NEW DELHI: United Nations chief Ban Ki-moon is reportedly launching an independent investigation into the Juba Compound attack that took place in July, following allegations this week that UN peacekeepers did not respond as the attack unfurled. One person was killed in the attack, whilst several others were raped and beaten as 80-100 soldiers attacked a compound in South Sudan’s capital city.

The compound housed mostly foreigners, with the victims alleging that UN peacekeeping troops stationed nearby failed to come to their rescue as the attacking South Sudanese soldiers carried out repeated rapes, mock executions, looting, and killing.

The allegations that surfaced this week prompted UN chief Ban Ki-moon to issue a statement saying that he was alarmed by reports stating that the UN Mission in South Sudan (UNMISS) "did not respond appropriately to prevent this and other grave cases of sexual violence" in Juba.

"Due to the gravity of these incidents, related allegations and the preliminary findings by UNMISS, the Secretary-General has decided to launch an independent special investigation to determine the circumstances surrounding these incidents and to evaluate the Mission's overall response," the statement read.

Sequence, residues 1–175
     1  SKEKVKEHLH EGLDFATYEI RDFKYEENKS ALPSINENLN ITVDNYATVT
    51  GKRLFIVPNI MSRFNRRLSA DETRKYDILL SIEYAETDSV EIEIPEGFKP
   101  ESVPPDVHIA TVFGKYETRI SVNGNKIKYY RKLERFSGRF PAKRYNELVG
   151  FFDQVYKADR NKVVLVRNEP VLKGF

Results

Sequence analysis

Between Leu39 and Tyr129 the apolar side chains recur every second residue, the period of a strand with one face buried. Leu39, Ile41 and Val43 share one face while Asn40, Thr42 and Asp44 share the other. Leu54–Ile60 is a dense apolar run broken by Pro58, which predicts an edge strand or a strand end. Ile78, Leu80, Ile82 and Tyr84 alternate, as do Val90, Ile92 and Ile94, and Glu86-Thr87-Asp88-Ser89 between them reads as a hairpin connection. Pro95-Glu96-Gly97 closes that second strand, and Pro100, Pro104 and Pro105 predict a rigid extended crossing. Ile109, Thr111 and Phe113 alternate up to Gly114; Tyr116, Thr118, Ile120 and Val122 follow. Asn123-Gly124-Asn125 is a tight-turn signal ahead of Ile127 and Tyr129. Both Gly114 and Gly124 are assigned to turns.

Victims of the attack have told the media that they were forced to rely on private security firms or South Sudanese forces for rescue, despite being located within a few kilometres from the UN base in the city.

"This horrific incident further underscores the need for an enhanced, assertive, and more robust international peacekeeping presence in Juba in order to better prevent crimes against civilians and the further deterioration of security in the capital," United States Ambassador to the UN, Samantha Power, said in a statement. "The parties to the conflict must immediately cease attacks against innocent civilians and recommit to settle the conflict and leave the South Sudanese to live in peace at last."

The conflict in South Sudan, which won independence from Sudan in 2011, has left thousands dead and over a million displaced. The conflict began with a skirmish in the capital city of Juba between forces loyal to the President, Salva Kiir, and those loyal to the former Vice President, Riek Machar, spread from a city-wide to national conflict.

The context of tribalism and frustration with government corruption fuelled the conflict, particularly in areas where the majority Dinka tribe was living alongside other tribes. The pro government and rebel forces are organised according to these ethnic dimensions, with President Salva Kiir’s Dinka tribe pitted against militia forces loyal to Machar’s Nuer people.

Kiir still maintains control of the capital and large swathes of the army, and is backed by troops from Uganda. Rebels say Kiir is a dictator, whilst pro-government factions have accused Machar of inciting a coup that led to the violence. As the two sides gain and lose territory sporadically, rights violations and civilian abuses continue despite a ceasefire signed last year.